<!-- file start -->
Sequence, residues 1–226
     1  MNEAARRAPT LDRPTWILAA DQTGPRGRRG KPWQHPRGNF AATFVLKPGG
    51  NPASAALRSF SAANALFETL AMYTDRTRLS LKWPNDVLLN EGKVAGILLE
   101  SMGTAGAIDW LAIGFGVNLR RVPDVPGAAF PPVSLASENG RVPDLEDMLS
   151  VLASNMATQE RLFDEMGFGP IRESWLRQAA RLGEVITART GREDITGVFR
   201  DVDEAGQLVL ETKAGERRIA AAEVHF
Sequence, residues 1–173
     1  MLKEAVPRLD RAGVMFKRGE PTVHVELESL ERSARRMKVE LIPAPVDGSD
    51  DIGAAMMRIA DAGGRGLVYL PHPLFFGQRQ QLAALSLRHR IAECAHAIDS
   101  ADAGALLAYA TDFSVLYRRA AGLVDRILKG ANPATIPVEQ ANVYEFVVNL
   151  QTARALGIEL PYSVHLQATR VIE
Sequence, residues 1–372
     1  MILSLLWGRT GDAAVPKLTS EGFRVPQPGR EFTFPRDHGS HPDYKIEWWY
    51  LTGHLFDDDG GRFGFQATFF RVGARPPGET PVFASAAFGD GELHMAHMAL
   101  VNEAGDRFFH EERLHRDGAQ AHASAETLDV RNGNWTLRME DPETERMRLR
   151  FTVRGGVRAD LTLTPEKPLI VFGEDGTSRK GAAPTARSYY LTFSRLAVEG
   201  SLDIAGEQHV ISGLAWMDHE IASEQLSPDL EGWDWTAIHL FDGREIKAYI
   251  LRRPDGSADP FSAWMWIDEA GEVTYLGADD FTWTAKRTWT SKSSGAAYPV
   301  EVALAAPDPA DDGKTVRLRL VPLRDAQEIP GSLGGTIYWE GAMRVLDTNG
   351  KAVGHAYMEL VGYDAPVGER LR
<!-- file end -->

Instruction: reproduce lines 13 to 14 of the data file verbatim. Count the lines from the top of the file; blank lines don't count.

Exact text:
     1  MILSLLWGRT GDAAVPKLTS EGFRVPQPGR EFTFPRDHGS HPDYKIEWWY
    51  LTGHLFDDDG GRFGFQATFF RVGARPPGET PVFASAAFGD GELHMAHMAL